Other safe, effective, and natural ways to manage stress include prayer, yoga, deep breathing, aromatherapy, and as crazy as it might sound, simply smiling. The act of smiling registers in the hypothalamus of your brain, where endorphins are produced, which is why you immediately feel better when you smile. So, the next time you’re feeling stressed, bring back a happy memory—and put a smile on your face.
All of these methods decrease stress and anxiety and, as a result, improve your overall health. Just find something that works for you and do it regularly.
Boost Your Resistance to Stress with Adaptogens
Adaptogens are compounds that help the body adapt to and regenerate after exposure to stress of any kind. Derived from plants that survive in harsh climates and growing conditions, adaptogens have been used in traditional medicine to boost physical, mental, and emotional reserves and to treat a wide range of symptoms.
There are different types of adaptogens. Here are just a few examples:
- Rhodiola rosea and ashwagandha (used in Ayurvedic medicine) are popular adaptogens that modulate the ill effects of stress.
- Panax ginseng, called the “king of herbs,” has a slight stimulatory effect and helps to improve concentration and thinking. In fact, story has it that Mao-Tse Tung and Deng Ziao Ping passed trays of choice Panax ginseng around at the beginning of meetings. It’s also used in many male formulas to support physical stamina.
- American ginseng (Panax quinquefolium) has a calming effect on the central nervous system. Plus, it’s a mild anti-inflammatory and improves digestion.
- Siberian ginseng (Eleutherococcus senticosus) is one of the most studied adaptogens with more than 1,000 studies on it. Like American ginseng, it has a calming effect on the central nervous system and is a powerful weapon against stress.
Look for products with standardized levels of ginsenosides or eleutherosides, and take as directed. Ginseng is best taken in a cyclical fashion—after you’ve taken it daily for two or three weeks, take a two-week break before starting up again.
Other Supplements for Stress Relief
The following supplements have also been shown to safely and effectively manage stress.
- Gamma-aminobutyric acid (GABA) is an amino acid produced naturally in your brain. In addition to functioning as a neurotransmitter and fostering communication between nerve cells, GABA controls anxiety by toning down “excitatory” stimuli in the brain. Plus, it boosts dopamine and serotonin levels, which helps create an overall sense of calm.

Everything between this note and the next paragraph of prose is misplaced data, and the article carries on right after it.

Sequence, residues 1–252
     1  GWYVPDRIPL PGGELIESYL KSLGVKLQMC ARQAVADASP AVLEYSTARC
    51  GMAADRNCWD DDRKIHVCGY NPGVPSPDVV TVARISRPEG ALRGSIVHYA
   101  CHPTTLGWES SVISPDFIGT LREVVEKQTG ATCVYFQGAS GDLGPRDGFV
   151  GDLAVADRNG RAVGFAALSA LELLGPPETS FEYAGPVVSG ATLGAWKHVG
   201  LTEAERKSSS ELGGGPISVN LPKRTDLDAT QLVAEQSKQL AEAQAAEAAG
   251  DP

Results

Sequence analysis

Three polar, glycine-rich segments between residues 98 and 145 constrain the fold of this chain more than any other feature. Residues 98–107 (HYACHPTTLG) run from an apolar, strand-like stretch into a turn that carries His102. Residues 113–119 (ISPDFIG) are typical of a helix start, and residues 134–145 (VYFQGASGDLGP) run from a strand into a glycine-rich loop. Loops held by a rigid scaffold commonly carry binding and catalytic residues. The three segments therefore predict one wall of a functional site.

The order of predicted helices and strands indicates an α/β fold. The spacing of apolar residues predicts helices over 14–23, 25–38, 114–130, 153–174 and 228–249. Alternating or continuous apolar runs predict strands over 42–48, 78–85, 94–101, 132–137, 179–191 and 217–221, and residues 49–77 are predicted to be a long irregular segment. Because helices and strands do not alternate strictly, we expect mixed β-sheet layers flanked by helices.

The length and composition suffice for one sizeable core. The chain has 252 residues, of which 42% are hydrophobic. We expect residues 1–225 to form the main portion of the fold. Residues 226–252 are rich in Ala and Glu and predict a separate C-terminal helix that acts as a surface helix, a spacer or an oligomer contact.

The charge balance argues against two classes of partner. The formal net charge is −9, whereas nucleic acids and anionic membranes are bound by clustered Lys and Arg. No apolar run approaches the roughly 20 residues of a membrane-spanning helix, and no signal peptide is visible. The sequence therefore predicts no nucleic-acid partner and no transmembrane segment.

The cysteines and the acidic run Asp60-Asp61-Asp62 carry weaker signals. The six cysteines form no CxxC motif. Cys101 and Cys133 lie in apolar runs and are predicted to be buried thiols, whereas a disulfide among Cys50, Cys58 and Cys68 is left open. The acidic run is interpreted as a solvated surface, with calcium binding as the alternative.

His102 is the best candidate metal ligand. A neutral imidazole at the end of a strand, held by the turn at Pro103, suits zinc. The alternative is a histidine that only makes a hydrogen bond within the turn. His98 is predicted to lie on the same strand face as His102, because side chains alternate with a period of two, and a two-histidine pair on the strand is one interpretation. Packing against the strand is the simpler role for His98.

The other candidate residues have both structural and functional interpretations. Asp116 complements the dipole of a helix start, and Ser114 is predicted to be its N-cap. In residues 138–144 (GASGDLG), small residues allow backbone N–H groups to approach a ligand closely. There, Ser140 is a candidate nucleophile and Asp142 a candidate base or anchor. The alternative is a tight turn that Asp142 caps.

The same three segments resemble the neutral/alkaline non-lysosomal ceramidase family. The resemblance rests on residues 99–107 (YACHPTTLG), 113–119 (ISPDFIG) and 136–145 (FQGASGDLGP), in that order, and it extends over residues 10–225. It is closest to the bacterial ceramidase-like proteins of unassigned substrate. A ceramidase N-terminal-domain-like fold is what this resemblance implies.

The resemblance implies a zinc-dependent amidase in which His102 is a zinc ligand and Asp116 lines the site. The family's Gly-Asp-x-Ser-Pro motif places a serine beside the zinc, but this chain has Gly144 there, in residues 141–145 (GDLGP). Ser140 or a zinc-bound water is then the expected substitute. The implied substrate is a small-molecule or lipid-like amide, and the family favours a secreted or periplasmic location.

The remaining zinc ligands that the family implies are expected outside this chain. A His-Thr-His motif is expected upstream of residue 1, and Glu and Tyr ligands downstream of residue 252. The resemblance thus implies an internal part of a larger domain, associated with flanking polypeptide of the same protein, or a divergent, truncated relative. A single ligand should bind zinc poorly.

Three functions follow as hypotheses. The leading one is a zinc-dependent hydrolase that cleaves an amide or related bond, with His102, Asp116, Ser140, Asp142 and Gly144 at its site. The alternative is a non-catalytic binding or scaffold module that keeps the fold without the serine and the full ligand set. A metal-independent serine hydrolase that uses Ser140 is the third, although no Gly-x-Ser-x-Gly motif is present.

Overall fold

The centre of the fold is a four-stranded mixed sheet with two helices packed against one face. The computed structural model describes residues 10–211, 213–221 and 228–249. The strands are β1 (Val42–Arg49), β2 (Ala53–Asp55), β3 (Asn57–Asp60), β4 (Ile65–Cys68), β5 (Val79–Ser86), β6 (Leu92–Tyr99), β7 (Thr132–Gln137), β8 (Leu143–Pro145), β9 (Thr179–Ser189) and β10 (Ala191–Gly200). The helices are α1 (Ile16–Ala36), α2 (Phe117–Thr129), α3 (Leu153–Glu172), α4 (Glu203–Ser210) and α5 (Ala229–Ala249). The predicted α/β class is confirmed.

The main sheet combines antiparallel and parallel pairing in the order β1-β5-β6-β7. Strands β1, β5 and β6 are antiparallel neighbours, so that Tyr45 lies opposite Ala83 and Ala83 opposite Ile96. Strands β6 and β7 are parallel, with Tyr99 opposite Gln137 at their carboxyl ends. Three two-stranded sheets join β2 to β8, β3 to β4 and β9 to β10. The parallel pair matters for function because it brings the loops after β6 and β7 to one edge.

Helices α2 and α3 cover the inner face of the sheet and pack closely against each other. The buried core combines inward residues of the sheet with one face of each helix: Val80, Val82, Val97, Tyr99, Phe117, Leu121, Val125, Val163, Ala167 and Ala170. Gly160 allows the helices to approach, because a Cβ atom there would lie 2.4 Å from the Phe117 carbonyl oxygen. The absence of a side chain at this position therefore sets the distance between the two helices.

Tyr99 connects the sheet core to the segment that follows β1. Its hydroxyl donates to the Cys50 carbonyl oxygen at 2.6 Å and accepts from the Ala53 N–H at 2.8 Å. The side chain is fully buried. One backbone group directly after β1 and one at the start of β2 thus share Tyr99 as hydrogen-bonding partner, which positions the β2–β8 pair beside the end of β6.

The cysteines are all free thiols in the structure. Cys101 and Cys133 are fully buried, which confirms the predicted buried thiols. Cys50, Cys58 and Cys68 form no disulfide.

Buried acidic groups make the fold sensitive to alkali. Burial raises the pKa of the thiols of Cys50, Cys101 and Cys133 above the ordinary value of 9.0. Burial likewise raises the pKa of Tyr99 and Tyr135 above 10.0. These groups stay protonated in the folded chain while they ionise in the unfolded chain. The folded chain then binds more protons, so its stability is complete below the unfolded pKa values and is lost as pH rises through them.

- L-theanine, an amino acid found almost exclusively in green tea, is widely known for its relaxing properties. It increases alpha brain waves, producing a state of calm alertness. L-theanine also boosts production of GABA.
Relora® is a combination of two botanical extracts (Magnolia officinalis and Phellodendron amurense) that have been used in traditional Chinese medicine for thousands of years to treat anxiety and stress. It has been shown to modulate the stress response and lower cortisol levels. In a randomized, double-blind, clinical trial, 56 people who had moderate levels of perceived psychological stress received either 250 mg of Relora or a placebo twice daily for four weeks. On the first and last day of the study, participants provided three saliva samples (morning, midday, and evening) and completed a Profile of Mood States (POMS) questionnaire. At the conclusion of the study, Relora had helped to lower cortisol levels by 18 percent compared to placebo. The POMS results also revealed that those participants who had supplemented with Relora experienced a higher global mood state (11 percent), lower amounts of fatigue (31 percent), and less confusion (27 percent).
Look for these supplements online or in your health food store and use as directed.
While you can’t always eliminate stressors from your life, you can alter your reaction to them. Using the stress management techniques above, your body will begin to develop healthy responses and you will be better able to cope with everyday stressors.